A month or two ago I got a letter from the Social Security Administration telling me what I would get in retirement if I keep making what I make now till I retire -- which is one of those things I usually ignore since I tend to assume that I'll never get Social Security. However, the letter also shows your Social Security eligible earnings every year since you started paying into the system, and that really struck me. There it was, my financial history over the last 18 years or so since I got my first paycheck.
The interesting part was looking at the fourteen years since we got married. I was a Classics major in college, with no intention to go on in Academia and no real connections when it came to getting a job. The job I had when we got married I got through a temp agency: $14/hr on the basis of acing the temp agency test of Word and Excel skills, plus being able to type at 80 wpm. As a result, we lived pretty tight those first couple years out of college. Almost everyone I kept in touch with from college was making more than I was, but then almost all of them had had more practical majors. When we were expecting our first child, I desperately searched for another job so that MrsDarwin could stop working. She was part time at Barnes & Noble and part time stage managing, the former paid minimum wage and the latter paid less, but to pay the $1,000/mo rent on our Los Angeles apartment we needed that bit of extra income each month. I found a new job, quit my old one, and then got an offer to stay on at $40k a year, which seemed a pretty princely sum to me at the time, it was still a good deal less than a lot of my friends made. And that's kind of where we stuck for a while, as I tried to improve our lot by starting my own business, moving, temping for a year and a half, and finally getting a new salaried job that paid a little bit more.
The Social Security statement related all that in a neat string of numbers: increase, decrease, increase, flat. When I started this blog, ten years ago, we had two kids and made a little under the median income for households at the time. We had a newly bought house, a car payment, and two kids. My just about any definition we were right there in the middle of the middle class.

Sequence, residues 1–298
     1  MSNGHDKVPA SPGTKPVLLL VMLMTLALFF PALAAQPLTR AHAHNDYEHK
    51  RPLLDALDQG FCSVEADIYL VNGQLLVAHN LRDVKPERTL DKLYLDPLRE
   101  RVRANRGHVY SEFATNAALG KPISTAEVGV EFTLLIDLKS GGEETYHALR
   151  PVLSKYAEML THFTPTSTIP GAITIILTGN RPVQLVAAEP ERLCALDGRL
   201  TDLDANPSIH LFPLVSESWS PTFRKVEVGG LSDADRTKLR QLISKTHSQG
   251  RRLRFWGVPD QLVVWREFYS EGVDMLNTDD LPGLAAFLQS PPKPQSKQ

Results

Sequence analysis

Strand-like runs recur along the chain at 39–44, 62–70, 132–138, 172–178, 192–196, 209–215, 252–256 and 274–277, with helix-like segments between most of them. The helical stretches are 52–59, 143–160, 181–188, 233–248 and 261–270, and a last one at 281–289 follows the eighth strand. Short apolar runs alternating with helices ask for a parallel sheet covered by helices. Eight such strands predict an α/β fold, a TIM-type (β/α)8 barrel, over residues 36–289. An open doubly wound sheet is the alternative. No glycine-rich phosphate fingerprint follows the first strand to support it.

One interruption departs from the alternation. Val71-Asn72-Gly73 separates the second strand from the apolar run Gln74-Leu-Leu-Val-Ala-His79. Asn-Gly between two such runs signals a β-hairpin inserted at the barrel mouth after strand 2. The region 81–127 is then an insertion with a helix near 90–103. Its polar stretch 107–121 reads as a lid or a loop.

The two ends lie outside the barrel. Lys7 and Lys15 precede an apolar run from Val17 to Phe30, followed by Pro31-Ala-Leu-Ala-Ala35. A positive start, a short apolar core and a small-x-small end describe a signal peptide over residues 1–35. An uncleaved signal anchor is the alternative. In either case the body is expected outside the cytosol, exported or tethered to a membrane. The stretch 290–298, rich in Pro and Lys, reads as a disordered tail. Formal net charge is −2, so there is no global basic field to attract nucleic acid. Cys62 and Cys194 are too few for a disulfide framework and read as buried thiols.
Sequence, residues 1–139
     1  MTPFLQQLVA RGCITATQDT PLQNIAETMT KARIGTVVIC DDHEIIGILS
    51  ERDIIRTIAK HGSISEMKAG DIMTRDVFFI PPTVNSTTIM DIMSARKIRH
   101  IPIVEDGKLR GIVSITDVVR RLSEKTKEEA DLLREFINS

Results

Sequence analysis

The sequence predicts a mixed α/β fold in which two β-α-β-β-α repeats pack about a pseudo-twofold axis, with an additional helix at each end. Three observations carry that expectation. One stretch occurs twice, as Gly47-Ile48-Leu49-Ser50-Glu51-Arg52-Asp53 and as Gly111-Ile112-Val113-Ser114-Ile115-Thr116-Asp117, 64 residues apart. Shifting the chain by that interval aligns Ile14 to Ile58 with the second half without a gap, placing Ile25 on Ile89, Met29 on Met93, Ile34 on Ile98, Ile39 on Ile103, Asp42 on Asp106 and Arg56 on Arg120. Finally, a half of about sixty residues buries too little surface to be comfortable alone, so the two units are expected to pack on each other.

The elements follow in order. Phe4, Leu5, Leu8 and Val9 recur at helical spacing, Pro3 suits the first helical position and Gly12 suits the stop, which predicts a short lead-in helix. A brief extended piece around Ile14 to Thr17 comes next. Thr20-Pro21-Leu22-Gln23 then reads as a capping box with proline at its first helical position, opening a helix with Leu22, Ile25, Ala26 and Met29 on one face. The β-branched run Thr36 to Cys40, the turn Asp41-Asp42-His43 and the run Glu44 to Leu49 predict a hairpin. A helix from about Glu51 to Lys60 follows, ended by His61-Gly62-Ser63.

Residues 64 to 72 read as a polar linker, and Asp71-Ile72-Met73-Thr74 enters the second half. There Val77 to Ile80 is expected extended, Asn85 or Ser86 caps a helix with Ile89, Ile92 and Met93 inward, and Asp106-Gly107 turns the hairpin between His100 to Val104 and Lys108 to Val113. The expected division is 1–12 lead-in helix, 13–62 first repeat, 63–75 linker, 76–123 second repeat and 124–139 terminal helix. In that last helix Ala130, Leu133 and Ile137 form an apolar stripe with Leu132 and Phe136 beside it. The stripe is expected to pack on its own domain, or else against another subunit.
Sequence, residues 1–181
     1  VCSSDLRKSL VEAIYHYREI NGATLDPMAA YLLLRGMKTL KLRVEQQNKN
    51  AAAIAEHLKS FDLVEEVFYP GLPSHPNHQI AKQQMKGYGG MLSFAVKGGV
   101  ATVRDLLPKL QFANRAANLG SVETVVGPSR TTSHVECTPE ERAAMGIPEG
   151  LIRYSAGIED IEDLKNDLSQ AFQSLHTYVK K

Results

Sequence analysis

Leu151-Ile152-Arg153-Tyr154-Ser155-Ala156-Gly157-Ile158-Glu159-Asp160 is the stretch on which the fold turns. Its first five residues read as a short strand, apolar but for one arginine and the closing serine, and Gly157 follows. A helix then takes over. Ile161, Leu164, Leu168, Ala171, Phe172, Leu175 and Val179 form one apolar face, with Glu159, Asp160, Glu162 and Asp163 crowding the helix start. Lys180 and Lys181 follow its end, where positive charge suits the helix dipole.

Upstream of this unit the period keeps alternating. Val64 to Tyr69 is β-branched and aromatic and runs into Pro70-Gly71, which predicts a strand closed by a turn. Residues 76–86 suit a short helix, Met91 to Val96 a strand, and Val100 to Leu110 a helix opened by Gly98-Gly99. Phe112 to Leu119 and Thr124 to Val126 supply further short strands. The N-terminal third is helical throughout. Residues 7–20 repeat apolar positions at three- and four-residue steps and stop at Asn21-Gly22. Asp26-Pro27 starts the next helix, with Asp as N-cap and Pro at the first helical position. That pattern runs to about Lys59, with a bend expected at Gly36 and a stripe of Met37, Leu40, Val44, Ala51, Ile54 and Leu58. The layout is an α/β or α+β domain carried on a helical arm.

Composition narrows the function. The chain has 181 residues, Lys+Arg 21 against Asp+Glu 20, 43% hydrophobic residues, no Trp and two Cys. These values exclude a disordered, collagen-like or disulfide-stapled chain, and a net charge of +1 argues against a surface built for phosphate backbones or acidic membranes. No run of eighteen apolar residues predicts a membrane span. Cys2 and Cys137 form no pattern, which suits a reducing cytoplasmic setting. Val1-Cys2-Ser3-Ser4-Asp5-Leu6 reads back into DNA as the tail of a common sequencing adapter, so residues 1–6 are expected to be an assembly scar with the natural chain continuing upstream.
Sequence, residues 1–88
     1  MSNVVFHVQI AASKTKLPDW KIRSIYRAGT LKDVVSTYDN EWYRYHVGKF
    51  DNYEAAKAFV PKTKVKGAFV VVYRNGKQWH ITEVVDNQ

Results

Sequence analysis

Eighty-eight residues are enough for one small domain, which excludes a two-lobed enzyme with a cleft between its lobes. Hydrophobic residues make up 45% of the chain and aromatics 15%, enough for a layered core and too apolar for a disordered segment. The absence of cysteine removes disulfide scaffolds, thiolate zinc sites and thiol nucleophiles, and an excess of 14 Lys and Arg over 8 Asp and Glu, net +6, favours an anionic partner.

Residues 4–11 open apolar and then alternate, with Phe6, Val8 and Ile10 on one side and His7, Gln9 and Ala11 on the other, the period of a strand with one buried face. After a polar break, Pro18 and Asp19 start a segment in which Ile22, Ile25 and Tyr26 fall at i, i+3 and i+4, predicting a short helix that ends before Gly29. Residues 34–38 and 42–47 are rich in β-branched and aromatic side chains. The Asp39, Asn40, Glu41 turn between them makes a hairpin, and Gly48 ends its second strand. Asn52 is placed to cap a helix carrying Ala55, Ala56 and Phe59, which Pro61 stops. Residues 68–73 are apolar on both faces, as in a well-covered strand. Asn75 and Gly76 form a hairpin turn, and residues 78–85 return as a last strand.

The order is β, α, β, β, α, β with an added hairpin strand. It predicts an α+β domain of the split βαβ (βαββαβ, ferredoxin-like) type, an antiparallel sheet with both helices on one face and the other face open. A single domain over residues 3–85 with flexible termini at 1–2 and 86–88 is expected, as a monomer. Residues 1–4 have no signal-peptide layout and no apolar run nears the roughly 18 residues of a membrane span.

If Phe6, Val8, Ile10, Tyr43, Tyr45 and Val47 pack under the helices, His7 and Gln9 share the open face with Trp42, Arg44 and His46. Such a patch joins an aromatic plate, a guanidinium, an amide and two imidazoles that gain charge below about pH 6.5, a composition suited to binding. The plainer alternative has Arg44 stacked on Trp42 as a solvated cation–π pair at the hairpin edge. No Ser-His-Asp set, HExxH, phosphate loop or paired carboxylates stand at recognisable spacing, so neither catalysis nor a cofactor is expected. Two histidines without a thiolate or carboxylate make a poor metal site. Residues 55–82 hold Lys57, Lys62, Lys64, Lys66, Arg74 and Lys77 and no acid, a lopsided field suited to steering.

Then the numbers started to climb, with some downs in years when the big computer company I worked for didn't do well and so didn't give bonuses, and a couple of jumps when I switched jobs and then did so again. I passed the threshold which Jenny rightly identified as that after which people don't like to talk about how much they make. And now here were are, with six kids, and a house which is twice and big and twice as expensive (and six times as old) as the one we had when we started writing here.
The other day I read someone angrily disdainfully denouncing people who make about what I do as "the rich" -- his rational being that at that level one could pay $30k/yr for your kid's college bill and still have an income above the median left over. Looking back to when I was ten years younger, I remember talking about how when I made more money, I would keep living at the same level, so that I could save and put money away for emergencies.
It oddly sets one's back up to be dismissed as "the rich". I suppose some of this is the great American love affair with the "middle class". Only about 2% of Americans identify as "upper class", and only 10% as "lower class". All the rest of us describe ourselves as "middle" or "upper middle" or "working" class. And as a creature of the right, apparently I'm even more likely to see myself as middle class.
Some of this, I think, is that I identify at least as much with my past as with my present, and my family and my own early working years were right around the mean. Another we spend a lot of time with other people like us. The people I work with mostly make around the same that I do (which is to say: above the average) and the main affluence differences between us are that they mostly have spouses who work and make as much again, plus have half as many kids as I do. So I'm used to thinking of my circumstances as being comparatively modest, even compared to people a paygrade or two below me.
Still, it's interesting that in our cultural climate, being accused of wealth is somewhat insulting, and that even those far more well off than we are at great pains to insist upon their middle class status.